Nancy Flake Johnson was not surprised that the team found a lackluster response to mortgage refinancing by Black borrowers. The results fit into the broader housing situation Flake Johnson said she encounters as president and chief executive officer of the Urban League of Greater Atlanta. "It relates to access to employment, starting with the lack of affordable child care, and the low wages paid by many profitable companies," she said, as well as the legacy of borrowing challenges faced by Blacks seeking to buy a house or refinance that were exacerbated by the Great Recession.
"Rolling out of that period, millions of Black folks weren't thriving but were getting by, and starting to incrementally increase their income, and upskill, and were at the point of homeownership," Flake Johnson said. "Then the pandemic comes along. Those families didn't have a safety net and were thrown back into poverty. Lots of people lost their jobs, and you have to have income to refinance. Lots of people had credit scores go down, and you have to have that to refinance. And you have institutional bias built into lenders. They are conservative. They want to protect their assets, and they make the rules."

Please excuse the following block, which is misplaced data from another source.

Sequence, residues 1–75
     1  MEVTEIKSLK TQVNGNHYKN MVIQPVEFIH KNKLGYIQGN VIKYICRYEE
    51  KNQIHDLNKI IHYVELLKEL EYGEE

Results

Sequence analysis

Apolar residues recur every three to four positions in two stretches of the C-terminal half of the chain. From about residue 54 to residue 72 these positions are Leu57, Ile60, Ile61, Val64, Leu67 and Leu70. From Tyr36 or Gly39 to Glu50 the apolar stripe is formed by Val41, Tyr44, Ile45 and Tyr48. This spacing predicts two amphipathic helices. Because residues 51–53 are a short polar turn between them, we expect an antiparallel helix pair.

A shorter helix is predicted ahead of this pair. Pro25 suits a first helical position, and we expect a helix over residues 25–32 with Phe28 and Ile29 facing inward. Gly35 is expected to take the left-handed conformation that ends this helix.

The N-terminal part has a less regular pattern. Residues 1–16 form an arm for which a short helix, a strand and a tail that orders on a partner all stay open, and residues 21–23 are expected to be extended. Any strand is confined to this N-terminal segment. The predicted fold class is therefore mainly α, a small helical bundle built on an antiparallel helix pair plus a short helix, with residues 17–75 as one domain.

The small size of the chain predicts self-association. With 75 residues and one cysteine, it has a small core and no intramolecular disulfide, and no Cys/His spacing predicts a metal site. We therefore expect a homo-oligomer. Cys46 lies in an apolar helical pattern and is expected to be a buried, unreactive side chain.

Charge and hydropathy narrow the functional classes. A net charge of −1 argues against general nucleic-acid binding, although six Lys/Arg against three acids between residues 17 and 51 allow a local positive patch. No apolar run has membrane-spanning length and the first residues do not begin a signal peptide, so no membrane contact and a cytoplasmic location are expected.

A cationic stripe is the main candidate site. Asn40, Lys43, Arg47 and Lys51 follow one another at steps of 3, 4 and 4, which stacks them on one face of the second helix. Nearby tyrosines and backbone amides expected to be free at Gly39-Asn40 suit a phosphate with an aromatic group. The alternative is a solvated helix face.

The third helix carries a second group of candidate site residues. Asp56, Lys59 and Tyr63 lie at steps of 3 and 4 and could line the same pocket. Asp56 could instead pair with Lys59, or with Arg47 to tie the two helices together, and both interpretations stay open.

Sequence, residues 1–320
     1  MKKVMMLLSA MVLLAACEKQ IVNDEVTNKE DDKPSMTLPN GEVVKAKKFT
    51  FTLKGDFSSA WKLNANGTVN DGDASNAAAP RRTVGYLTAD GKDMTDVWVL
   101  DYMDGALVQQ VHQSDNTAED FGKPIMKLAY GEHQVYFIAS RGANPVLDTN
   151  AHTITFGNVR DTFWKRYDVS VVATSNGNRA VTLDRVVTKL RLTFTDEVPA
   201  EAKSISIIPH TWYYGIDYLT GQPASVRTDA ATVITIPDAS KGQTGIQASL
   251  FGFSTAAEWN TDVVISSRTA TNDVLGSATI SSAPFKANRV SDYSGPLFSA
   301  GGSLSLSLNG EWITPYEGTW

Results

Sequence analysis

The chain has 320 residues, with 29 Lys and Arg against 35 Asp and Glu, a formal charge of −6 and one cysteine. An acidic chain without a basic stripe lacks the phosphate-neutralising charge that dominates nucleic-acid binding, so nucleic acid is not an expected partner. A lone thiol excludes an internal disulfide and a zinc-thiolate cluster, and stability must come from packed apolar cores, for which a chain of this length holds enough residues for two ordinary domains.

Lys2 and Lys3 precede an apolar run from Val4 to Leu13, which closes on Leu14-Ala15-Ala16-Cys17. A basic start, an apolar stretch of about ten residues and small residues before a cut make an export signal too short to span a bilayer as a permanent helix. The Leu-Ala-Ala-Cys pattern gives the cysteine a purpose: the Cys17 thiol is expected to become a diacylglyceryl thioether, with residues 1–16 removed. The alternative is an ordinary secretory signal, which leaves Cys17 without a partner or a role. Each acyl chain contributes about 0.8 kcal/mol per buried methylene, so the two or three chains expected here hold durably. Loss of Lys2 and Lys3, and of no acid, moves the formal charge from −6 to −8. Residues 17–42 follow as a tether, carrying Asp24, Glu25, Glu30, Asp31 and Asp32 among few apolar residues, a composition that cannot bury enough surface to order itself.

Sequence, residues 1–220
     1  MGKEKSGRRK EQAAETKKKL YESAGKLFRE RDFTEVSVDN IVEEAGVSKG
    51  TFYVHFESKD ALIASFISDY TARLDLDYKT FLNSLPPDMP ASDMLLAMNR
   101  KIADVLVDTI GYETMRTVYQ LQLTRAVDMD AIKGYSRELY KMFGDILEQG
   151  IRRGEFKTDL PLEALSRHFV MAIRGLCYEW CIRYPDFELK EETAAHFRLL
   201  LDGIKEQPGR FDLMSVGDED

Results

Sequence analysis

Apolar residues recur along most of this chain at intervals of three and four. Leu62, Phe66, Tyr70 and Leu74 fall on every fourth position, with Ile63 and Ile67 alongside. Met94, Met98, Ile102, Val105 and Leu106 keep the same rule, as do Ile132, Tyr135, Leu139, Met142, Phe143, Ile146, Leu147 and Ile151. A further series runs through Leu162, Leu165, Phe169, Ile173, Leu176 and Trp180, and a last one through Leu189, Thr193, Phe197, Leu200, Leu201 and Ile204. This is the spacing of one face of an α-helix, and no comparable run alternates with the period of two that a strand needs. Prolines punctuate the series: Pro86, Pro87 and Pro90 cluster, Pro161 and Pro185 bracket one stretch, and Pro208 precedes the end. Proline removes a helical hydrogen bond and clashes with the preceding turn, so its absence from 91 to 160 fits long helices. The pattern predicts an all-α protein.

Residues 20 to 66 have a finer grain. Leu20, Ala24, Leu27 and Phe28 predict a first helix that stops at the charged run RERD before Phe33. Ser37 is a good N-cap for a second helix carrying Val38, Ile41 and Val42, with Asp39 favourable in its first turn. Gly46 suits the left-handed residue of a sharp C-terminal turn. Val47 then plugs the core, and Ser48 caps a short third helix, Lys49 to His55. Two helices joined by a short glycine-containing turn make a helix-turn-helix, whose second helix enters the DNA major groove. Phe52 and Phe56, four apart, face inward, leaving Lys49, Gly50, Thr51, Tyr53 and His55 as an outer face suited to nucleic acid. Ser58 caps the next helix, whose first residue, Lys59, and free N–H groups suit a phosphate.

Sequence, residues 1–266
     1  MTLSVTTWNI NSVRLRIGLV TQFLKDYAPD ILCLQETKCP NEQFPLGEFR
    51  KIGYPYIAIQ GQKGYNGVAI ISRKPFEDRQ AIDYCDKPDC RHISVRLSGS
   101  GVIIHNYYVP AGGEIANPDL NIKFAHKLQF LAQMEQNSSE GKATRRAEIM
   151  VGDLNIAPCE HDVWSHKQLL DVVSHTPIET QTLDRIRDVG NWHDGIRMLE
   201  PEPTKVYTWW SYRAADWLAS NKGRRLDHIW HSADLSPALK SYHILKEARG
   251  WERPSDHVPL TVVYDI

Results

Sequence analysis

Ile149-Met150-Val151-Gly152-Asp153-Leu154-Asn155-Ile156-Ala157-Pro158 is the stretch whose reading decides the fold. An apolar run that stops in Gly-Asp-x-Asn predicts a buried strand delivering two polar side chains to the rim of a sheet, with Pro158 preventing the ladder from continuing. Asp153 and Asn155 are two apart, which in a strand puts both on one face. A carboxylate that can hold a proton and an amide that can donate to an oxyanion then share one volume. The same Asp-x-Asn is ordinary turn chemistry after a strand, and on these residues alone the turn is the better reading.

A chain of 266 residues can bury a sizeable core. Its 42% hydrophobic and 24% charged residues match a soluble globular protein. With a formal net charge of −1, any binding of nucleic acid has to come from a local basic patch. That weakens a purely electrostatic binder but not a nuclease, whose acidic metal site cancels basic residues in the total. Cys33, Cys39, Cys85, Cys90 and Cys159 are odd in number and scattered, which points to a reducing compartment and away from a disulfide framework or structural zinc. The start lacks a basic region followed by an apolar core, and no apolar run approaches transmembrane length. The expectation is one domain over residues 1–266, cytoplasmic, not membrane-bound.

Information in the 2020 working paper by Gerardi, Willen, and Zhang illuminates Flake Johnson's points. White borrowers with mortgages insured by the government-sponsored enterprises Fannie Mae or Freddie Mac had higher household incomes and higher credit scores than Black and Hispanic borrowers. Average household incomes were $97,600 for Whites, $81,600 for Blacks, and $79,100 for Hispanic borrowers.
Average credit scores were 752, 715, and 730, respectively. The pattern was replicated in interest rates, at 5.18 percent, 5.64 percent, and 5.45 percent, respectively. The lower rate for White borrowers was associated with the trend among White borrowers to refinance at the lower rates available during periods of economic expansion.